Love circa 1861

You are part of my existence, part of myself. You have been in every line I have ever read, since I first came here, the rough common boy whose poor heart you wounded even then. You have been in every prospect I have ever seen since–on the river, on the sails of the ships, on the marshes, in the clouds, in the light, in the darkness, in the wind, in the woods, in the sea, in the streets. You have been the embodiment of every graceful fancy that my mind has ever become acquainted with. The stones of which the strongest London buildings are made, are not more real, or more impossible to be displaced by your hands, than your presence and influence have been to me, there and everywhere, and will be. You cannot choose but remain part of my character, part of the little good in me, part of the evil. But, in this separation I associate you only with the good, and I will faithfully hold you to that always, for you must have done me far more good than harm.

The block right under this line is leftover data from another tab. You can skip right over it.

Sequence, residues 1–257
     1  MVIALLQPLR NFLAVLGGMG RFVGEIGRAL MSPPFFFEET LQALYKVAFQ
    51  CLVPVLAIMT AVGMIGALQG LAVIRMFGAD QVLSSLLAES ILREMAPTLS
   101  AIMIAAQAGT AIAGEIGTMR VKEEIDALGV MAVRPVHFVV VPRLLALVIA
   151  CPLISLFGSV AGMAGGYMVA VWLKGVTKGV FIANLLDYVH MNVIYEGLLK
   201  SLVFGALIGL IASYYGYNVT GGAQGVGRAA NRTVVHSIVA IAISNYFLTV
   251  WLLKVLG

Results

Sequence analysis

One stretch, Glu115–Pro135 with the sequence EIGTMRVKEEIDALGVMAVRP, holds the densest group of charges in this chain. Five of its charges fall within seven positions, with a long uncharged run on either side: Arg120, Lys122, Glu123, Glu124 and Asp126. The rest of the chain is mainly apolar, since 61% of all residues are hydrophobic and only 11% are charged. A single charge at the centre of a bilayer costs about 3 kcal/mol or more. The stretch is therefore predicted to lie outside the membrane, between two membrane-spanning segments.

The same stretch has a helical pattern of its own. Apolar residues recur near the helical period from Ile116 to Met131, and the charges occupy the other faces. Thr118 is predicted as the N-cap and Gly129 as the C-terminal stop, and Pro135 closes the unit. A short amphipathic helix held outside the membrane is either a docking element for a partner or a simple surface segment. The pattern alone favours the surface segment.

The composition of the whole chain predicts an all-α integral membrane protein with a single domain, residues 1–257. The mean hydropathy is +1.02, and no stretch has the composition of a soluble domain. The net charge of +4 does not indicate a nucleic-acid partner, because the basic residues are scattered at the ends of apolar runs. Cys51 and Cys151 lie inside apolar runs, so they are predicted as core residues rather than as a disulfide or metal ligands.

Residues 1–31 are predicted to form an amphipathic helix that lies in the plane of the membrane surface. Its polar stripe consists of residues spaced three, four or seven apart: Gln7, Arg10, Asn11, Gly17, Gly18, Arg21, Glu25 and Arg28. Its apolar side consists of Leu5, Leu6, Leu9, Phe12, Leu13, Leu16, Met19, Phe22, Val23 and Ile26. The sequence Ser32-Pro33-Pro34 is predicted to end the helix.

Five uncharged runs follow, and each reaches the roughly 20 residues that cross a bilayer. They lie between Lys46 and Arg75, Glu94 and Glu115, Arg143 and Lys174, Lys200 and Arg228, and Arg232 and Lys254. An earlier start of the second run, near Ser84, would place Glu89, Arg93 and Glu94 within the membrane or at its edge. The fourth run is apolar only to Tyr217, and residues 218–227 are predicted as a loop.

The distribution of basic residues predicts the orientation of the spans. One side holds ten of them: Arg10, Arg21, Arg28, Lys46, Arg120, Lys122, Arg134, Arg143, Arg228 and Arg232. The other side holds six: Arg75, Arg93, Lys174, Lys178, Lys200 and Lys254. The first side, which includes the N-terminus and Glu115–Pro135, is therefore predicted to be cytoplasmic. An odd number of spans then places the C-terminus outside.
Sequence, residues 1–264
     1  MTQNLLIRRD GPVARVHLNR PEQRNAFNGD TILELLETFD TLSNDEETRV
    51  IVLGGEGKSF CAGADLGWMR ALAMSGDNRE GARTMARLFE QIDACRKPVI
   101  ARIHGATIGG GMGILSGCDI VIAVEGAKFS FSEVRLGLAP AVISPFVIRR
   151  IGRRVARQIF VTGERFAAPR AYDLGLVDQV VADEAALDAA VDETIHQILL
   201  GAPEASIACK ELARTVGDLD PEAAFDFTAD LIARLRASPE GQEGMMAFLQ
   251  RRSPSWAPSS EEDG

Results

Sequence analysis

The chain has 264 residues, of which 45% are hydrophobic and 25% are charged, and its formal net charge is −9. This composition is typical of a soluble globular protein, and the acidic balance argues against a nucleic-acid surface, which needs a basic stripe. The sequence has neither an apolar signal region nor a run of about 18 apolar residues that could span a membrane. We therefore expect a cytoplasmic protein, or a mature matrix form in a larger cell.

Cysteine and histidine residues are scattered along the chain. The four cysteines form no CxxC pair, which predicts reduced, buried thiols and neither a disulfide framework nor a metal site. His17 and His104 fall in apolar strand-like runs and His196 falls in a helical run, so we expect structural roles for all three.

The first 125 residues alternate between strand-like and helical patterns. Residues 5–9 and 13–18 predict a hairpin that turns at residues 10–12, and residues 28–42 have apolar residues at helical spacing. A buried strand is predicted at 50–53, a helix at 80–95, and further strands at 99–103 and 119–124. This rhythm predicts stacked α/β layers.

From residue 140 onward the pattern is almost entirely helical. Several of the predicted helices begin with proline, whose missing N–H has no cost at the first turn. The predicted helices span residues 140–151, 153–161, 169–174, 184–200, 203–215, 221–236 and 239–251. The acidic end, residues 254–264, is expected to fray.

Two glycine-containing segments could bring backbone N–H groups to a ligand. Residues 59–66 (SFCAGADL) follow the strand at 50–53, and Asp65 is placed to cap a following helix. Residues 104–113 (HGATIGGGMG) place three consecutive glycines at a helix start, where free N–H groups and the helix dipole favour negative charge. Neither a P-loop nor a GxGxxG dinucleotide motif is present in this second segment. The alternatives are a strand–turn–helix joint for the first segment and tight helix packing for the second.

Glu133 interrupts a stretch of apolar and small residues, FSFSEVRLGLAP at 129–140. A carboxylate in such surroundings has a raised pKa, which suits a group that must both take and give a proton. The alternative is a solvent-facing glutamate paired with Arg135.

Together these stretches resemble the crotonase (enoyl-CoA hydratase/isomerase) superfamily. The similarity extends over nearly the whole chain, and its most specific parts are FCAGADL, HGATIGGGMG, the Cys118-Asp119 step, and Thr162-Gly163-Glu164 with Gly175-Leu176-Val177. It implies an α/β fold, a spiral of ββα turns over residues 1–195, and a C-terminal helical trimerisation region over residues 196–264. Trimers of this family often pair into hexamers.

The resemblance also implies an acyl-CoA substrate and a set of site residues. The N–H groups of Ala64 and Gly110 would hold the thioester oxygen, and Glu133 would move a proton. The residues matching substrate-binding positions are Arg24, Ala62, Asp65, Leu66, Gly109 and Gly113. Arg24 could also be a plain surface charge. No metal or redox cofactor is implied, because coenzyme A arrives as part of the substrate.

I read this in Great Expectations last night, then shivered. I’ve never known how to describe love, but Charles Dickens certainly does. When you love somebody, lyrics of songs remind you of them. You see something that reminds you of them and want to buy it as a just-because gift, even if you’re not the gift-giving type. They become a part of your being, a part of your interpretation of life. Some see glimpses, but never get to experience it. Us lucky ones know exactly what Charles Dickens was writing about.

Perhaps infatuation is love and we’ll never know it.

The best life partner might, I think, be the one who sees you as you are and loves that person – the person who is boring and anxious or blotchy from a weekly scrub mask – not the imaginary one who is poetic and broodingly smart and sexy and ecstatic all the time. – Catherine Newman

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